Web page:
City prosecutors could get new home

Crime, Law and JusticeJustice SystemLocal GovernmentCheshireStephanie Rawlings-BlakeFrank M. Conaway, Sr.

Rent money for new Baltimore state's attorney offices survived the state's budget process this year and will be matched by the mayor, which means there's $1 million available in the coming fiscal year for roughly 200 lawyers and support staff to finally move out of the decrepit circuit courthouses into separate digs.

But what's unclear is what will happen to the court employees left behind. Renovations to the two buildings, divided into east and west halves with Calvert Street as the divider, will cost hundreds of millions of dollars, according to a recent study.

Baltimore Circuit Court Clerk Frank M. Conaway Sr. sent a letter to Mayor Stephanie Rawlings-Blake on Thursday with a laundry list of complaints, then he sent a press release to the media with the same.

"Over the past 13 years I have been complaining about the deplorable conditions in the Circuit Court East and Clarence Mitchell buildings and it has gotten worse instead of better. It is not fair for me to stand by and let these conditions continue for my employees and the general public," Conaway's release said.

"There are a myriad of things that must be improved. During normal business hours there is only ONE cleaning person per building, and very limited maintenance workers. Some of the complaints I have received include mouse droppings on work stations, unsanitary restroom conditions (i.e. dirty toilets and no toilet paper), filthy hallways and offices, dirty windows, hanging wires, poor heating and air conditioning, and improperly working elevators."

In a statement, spokesman Ryan O'Doherty said the mayor "understands the long-standing issues related to the aging Circuit Court buildings" and pointed out that she and the city law department helped fund a feasibility study.

"The Mayor's Office and Department of General Services will carefully review Clerk Conaway's correspondence and respond to him directly," O'Doherty wrote.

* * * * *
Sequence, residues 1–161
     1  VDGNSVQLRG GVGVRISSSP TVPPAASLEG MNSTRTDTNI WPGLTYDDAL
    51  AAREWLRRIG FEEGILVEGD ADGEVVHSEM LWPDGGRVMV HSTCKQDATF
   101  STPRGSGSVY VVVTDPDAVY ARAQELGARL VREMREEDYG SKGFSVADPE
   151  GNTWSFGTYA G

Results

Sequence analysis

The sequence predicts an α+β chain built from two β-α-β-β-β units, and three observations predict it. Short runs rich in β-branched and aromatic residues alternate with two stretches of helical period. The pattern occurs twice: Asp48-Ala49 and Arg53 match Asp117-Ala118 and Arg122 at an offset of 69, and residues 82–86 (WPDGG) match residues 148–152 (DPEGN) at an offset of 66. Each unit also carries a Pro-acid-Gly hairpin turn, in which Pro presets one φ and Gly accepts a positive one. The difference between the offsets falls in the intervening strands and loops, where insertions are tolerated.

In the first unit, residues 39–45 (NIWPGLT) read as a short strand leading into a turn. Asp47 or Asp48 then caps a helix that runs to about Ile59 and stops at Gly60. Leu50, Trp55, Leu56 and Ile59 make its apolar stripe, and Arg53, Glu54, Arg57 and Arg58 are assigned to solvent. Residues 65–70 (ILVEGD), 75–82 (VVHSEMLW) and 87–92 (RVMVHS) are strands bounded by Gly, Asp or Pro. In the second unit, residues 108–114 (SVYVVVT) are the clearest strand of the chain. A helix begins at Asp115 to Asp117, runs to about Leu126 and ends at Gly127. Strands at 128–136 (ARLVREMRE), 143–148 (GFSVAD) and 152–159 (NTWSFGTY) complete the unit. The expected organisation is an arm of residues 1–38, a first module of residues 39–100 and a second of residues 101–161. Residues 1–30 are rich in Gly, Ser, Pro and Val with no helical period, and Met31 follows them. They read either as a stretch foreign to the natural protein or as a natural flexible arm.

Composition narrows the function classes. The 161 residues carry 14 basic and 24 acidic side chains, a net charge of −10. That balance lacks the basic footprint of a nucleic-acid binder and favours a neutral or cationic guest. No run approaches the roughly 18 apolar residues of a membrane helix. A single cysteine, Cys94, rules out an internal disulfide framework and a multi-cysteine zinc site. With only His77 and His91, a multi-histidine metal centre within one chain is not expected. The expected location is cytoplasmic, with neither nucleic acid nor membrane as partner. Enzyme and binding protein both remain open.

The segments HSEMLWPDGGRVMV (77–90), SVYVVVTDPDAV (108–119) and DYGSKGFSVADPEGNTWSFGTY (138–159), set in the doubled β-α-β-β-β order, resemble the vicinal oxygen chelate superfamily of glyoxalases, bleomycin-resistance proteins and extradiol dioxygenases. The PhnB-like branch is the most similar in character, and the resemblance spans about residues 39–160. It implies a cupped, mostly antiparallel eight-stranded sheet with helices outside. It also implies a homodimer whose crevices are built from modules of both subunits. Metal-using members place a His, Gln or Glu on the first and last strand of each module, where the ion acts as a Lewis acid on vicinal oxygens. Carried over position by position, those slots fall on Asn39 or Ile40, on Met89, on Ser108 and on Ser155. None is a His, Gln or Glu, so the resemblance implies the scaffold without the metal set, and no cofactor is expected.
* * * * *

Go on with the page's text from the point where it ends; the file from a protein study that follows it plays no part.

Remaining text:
He also confirmed that the mayor "budgeted additional funds this coming fiscal year" for new prosecutors' offices, something Baltimore State's Attorney Gregg Bernstein, who took office in January 2011, is passionate about.

Bernstein pitched the idea of a move to lawmakers at a February meeting, saying it was "an issue of public safety and being efficient in our operations."

His spokesman, Mark Cheshire, said the prosecutors' office is now "working with the mayor and the city counsel" to develop a workable plan. "They face very difficult economic times," Cheshire acknowledged.

In a telephone interview last week, Conaway said the departure of prosecutors won't help. The situation in the courthouse has gotten so bad, he said, that his own staff has brought in their own cleaning supplies.

"It is dirty in here, it is really dirty," he said, adding that the city is in charge of the cleaning contract. "There are people that just don't want to sit down and use these restrooms and what not. It's just awful, it really is, and I don't think it's fair" for employees, jurors or the public.

He added that the mayor should prioritize them as well.

tricia.bishop@baltsun.com

twitter.com/triciabishop

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    Crime, Law and JusticeJustice SystemLocal GovernmentCheshireStephanie Rawlings-BlakeFrank M. Conaway, Sr.
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